Ride Of The Week: 1953 Nash-Healey Roadster

Ride Of The Week: 1953 Nash-Healey Roadster

Jim Rugowski's white Nash-Healey roadster may well be the perfect collectible vehicle. It features American power and running gear, Italian design and British chassis construction.

It is the almost-perfect collector car, but Jim Rugowski’s love affair with the Nash-Healey started long before he owned one. In 1954, Jim took a photo of a Nash-Healey LeMans coupe at the Lincoln Park Field House, in Manitowoc, WI, the town he grew up in. He still has the faded, curly-edged, black-and-white Brownie print showing the coupe that imbedded itself in his psyche 50 years ago. Jim now has a real car to go with it.

Jim’s white Nash-Healey roadster may well be the perfect collectible vehicle. It features American power and running gear, Italian design and British chassis construction. The Nash-Healey is roomy and provides ample trunk space. With its big Nash Ambassador six, it can really move; with overdrive it produces excellent highway mileage, bettering that of many four-cylinder cars.

The roots of the Nash-Healey story can be traced back as far as World War I, when Royal Air Force pilot Donald Healey developed a taste for speed. By the end of World War II, Healey was managing director of the Donald Healey Motor Company of Warwick, England, a firm that produced limited-production sports-racing cars. American sportsman Briggs Cunningham, who wanted to win LeMans with an American entry, took a liking to the Healey Silverstone and commissioned Healey to build him one with a Cadillac V8.

Cunningham’s car came out terrific and Healey decided to travel to the United States to visit General Motors in a quest to purchase engines for a new series of cars. While sailing aboard the Queen Elizabeth, Healey struck up a conversation with a man who had a mutual interest in cameras. The man turned out to be George Mason, the president of Nash-Kelvinator Corp.

Mason invited Donald Healey to come to his cabin that evening for a cocktail. Naturally, the reason for Healey’s trip to America came out. Mason offered to let Healey stay at his Detroit home while he was in the area. He also told the British car builder that Nash would be interested in supplying engines if General Motors wasn’t. In Detroit, Healey met with Ed Cole, general manager of Cadillac and his request to purchase engines was denied.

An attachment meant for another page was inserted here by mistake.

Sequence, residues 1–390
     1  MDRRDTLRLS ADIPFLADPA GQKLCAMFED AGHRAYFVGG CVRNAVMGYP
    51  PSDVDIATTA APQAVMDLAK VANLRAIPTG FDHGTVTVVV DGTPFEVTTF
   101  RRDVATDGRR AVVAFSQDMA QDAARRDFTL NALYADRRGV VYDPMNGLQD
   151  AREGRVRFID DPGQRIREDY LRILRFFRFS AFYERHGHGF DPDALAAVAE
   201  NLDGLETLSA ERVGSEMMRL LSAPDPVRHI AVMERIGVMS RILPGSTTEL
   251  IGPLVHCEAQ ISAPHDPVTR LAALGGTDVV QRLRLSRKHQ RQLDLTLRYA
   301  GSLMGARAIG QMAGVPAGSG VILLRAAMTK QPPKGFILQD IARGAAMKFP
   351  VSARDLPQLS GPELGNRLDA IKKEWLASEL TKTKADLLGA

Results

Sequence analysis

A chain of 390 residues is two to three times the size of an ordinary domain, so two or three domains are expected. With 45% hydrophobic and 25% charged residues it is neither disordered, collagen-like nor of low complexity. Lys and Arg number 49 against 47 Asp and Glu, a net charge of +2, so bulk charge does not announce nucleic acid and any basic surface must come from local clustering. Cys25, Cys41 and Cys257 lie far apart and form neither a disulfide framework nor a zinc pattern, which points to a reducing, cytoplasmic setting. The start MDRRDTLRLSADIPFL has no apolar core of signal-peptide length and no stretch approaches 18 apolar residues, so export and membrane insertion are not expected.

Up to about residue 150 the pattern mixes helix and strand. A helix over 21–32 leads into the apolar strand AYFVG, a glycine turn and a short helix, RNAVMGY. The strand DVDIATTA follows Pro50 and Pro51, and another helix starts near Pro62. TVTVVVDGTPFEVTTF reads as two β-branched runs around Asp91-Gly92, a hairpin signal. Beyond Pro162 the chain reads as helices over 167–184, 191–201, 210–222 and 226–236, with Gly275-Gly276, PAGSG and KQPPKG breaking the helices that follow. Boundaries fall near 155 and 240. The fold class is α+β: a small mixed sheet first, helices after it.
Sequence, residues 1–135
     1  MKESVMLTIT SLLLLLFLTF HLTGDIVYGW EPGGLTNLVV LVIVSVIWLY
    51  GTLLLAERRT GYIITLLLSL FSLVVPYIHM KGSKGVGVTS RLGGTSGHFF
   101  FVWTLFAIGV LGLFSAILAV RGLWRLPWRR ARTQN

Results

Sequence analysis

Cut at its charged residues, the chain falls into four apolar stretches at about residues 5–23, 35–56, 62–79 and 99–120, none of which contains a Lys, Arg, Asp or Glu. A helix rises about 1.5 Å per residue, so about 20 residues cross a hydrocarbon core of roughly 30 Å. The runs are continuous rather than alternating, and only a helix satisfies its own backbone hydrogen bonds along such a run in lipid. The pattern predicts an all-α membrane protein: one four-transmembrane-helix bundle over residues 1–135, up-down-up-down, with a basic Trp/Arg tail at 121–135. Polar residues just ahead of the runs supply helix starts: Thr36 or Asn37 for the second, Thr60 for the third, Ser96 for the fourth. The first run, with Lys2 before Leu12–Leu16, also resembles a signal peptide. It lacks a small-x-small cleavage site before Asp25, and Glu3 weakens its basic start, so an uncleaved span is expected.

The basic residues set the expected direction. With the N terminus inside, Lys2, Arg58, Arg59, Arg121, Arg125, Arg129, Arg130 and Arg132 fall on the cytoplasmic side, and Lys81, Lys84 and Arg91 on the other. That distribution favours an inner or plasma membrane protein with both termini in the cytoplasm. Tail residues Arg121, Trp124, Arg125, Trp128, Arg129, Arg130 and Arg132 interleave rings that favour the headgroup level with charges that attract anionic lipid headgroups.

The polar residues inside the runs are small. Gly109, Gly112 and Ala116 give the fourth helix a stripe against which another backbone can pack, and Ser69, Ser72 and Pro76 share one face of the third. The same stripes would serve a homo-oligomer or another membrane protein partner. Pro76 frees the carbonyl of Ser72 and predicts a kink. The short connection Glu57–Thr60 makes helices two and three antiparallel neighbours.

Healey contacted Mason to discuss his offer and found him anxious to do extra business. In fact, Mason told Healey that Nash Motors would not only supply engines, but would take a number of the cars to sell through Nash dealers. For $3,982 delivered ($96 more with overdrive), the Nash-Healey was a steal, but only 104 were sold. Racing versions of the early Nash-Healey finished ninth in their class at the Mille Miglia and fourth overall at LeMans in 1950.

After car serial number N2250 and engine number N1163 the engine grew from the previous 3.8-liter job to 4.1 liters. The bigger in-line six had a 3.50 x 4.37-inch bore and stroke and displaced 252.6 cu. in. With its 8.25:1 compression ratio, it developed 140 hp at 4000 rpm. Starting with serial number N2310, the British S.U. carburetors were replaced by a pair of Carter YH sidedraft carbs. The engine was linked to a three-speed manual gearbox. Nash stuck to a 6-volt electrical system.

The Nash-Healey was one of only 17 cars finishing the French Grand Prix out of a starting field of 58 entries. This was an impressive performance, with the “Kenosha Cadillac” besting most of Europe’s leading marques.

The LeMans coupe, added in January 1953, was a larger car and did not perform as well in racing, despite its competition-inspired name. It did, however, embody a beauty of line that few other cars of the era could match.

Jim Rugowski’s white 1953 roadster is of the second-generation type. It has serial number 421, engine number 1421 and chassis number 2404. The car has the beautiful aluminum cylinder head. According to the history Jim received, the car is unrestored. It had 82,000 miles on the clock when Rugowski bought it

Rugowski says that he likes the fact that the car has an all-American drive line and that it’s a ‘50s-era sports car. “I don’t know which of these points I like best,” he admits. Jim also does a lot of touring with the Fox Cities British Car Club based in Oshkosh, WI. The Nash-Healey has also put in appearances at Road America and at the British Car Field Days in Sussex, WI.

Article courtesy Speedville.

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